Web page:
Sickle Cell Disease (SCD)


Sickle cell disease (SCD) comprises a group of inherited red blood cell disorders characterized by structural abnormalities of hemoglobin, the protein responsible for transporting oxygen in blood throughout the body.1 

In SCD, red blood cells containing abnormally structured hemoglobin are sickle-shaped and rigid, so that blood cannot flow through vessels. Circulatory obstruction may result in stroke, episodes of pain, infections, and eye problems.1 

Several different subtypes of SCD have been identified, including sickle cell anemia, sickle-hemoglobin C disease, sickle-hemoglobin D disease, sickle-hemoglobin E disease, sickle-hemoglobin O disease, sickle-beta zero thalassemia, and sickle-beta plus thalassemia.2 

Sickle Cell Anemia

Sickle cell anemia, also known as hemoglobin SS disease (HbSS), is the most common and most severe form of SCD. When a mutated beta globin gene (S) is inherited from each parent, the child produces only abnormal hemoglobin S.2 Sickle cell anemia affects predominantly persons of African and Indian heritage.3 

Sickle Cell Trait

People with sickle cell trait (SCT), also known as HbAS, inherit the sickle cell gene (S) from one parent and a normal gene (A) from the other parent. Such individuals are carriers of SCD and can pass the sickle cell gene along to their children. Individuals with SCT typically do not exhibit signs or symptoms of SCD; however, rarely, they may have health problems related to SCT. These include pain crises, problems on exposure to high atmospheric pressure (eg, scuba diving) or low oxygen levels (eg, high altitudes), and problems brought on by dehydration. 4,5

Sickle-Hemoglobin C Disease

This type of SCD, also known as HbSC, is usually relatively mild. The child inherits a sickle cell gene (hemoglobin S) from one parent and a gene for hemoglobin C from the other parent. A slightly different substitution within the beta globin gene results in an abnormal form of hemoglobin called hemoglobin C. Symptoms are milder in this form because blood cell counts are higher and anemia is less severe than in the HbSS type. The prevalence of this type of SCD is increased in individuals of West African, Middle Eastern, or Mediterranean heritage.3,4 

Sickle-Hemoglobin D Disease

Individuals with this type of SCD, also known as HbSD,  inherit a sickle cell gene (hemoglobin S) from one parent and from the other a mutant beta globin gene that produces an abnormal hemoglobin called hemoglobin D. This rare type of SCD is characterized by moderately severe anemia and infrequent pain episodes. The prevalence of this type of SCD is increased in individuals of Asian or Latin American heritage.3,4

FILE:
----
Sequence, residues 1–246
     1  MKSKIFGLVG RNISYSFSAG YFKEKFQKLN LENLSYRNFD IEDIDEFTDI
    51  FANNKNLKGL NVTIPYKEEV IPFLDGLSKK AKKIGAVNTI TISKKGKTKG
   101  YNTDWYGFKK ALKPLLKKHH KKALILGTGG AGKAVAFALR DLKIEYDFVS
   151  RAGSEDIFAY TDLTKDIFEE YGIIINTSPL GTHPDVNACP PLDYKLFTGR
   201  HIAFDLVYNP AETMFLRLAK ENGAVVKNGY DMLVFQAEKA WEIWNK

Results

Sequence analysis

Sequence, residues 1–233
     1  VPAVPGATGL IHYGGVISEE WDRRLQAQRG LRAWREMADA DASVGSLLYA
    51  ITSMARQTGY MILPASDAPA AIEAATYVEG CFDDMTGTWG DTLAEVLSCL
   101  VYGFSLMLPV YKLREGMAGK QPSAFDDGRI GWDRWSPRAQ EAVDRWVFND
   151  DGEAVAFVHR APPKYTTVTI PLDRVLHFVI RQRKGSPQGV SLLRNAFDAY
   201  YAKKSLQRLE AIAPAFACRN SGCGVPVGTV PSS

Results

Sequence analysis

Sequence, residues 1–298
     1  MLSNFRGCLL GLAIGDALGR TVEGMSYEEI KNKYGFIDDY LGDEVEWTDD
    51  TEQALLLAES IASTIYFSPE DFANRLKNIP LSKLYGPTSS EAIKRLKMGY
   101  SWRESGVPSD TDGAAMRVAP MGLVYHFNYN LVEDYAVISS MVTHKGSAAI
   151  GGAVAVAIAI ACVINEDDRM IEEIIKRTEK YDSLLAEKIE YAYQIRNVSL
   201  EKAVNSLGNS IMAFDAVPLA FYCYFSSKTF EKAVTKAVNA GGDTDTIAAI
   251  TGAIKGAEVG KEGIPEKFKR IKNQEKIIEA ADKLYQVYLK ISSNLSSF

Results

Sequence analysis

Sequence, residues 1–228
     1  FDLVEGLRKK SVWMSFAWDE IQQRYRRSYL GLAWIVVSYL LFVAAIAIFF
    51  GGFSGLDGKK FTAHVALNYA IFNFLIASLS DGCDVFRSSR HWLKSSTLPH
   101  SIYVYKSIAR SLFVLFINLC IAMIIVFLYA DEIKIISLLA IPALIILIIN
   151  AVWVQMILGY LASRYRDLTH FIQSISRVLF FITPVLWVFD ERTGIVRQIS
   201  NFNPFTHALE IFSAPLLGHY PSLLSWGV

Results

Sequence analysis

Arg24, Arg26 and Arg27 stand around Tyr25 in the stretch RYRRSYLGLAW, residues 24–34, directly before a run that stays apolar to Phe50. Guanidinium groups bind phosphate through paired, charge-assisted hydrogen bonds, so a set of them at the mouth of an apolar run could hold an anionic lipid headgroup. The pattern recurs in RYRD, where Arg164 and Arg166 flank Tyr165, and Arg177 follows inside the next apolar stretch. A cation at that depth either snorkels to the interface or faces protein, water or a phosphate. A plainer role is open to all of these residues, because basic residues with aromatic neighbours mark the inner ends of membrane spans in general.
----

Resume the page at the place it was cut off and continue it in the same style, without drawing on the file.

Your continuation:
Sickle-Hemoglobin E Disease

Individuals with this type of SCD, also known as HbSE, inherit a sickle cell gene (hemoglobin S) from one parent and from the other a mutant beta globin gene that produces an abnormal hemoglobin called hemoglobin E. This type of SCD is very rare, and severity is variable.4

Sickle-Hemoglobin O Disease

Individuals with this type of SCD, also known as HbSO, inherit a sickle cell gene (hemoglobin S) from one parent and from the other a mutant beta globin gene that produces an abnormal hemoglobin called hemoglobin O. This rare type of SCD affects primarily individuals of Arabian, North African, or Eastern Mediterranean heritage.3,4

Sickle-Beta Zero Thalassemia

Individuals with this type of SCD, also known as HbSB0, inherit a sickle cell gene (hemoglobin S) from one parent and a mutant gene for beta0 thalassemia from the other. Usually, people with this form of SCD have severe anemia, similar to what is seen in HbSS, because the only form of hemoglobin found in people with either HbSS or HbSB0 is hemoglobin S.2,4 

Sickle-Beta Plus Thalassemia

Individuals with this type of SCD, also known as HbSB+, inherit a sickle cell gene (hemoglobin S) from one parent and a mutant gene for beta+ thalassemia from the other.2,4  HbSB+ is usually milder than HbSS and HbSB0; however, the degree of severity is related to the amount of normal beta globin produced.2-4 Individuals with reduced amounts of normal beta globin have relatively mild symptoms, whereas individuals with no normal beta globin have severe symptoms, similar to those of HbSS, and require chronic blood transfusions.2,3 The prevalence of HbSB+ is increased among individuals of Mediterranean and Caribbean descent.3

References

  1. Sickle cell disease. NIH, National Heart Lung and Blood Institute. Accessed November 9, 2021.
  2. Types of sickle cell. Global Blood Therapeutics. Accessed November 9, 2021.
  3. Types of sickle cell disease. Sickle Cell Association of the National Capital Area, Inc. Accessed November 9, 2021.
  4. What is sickle cell disease? Centers for Disease Control and Prevention. Reviewed December 14, 2020. Accessed November 9, 2021.
  5. What is sickle cell trait? Centers for Disease Control and Prevention. Reviewed December 14, 2020. Accessed November 9, 2021. 

Reviewed by Harshi Dhingra, MD, on 11/9/2021.

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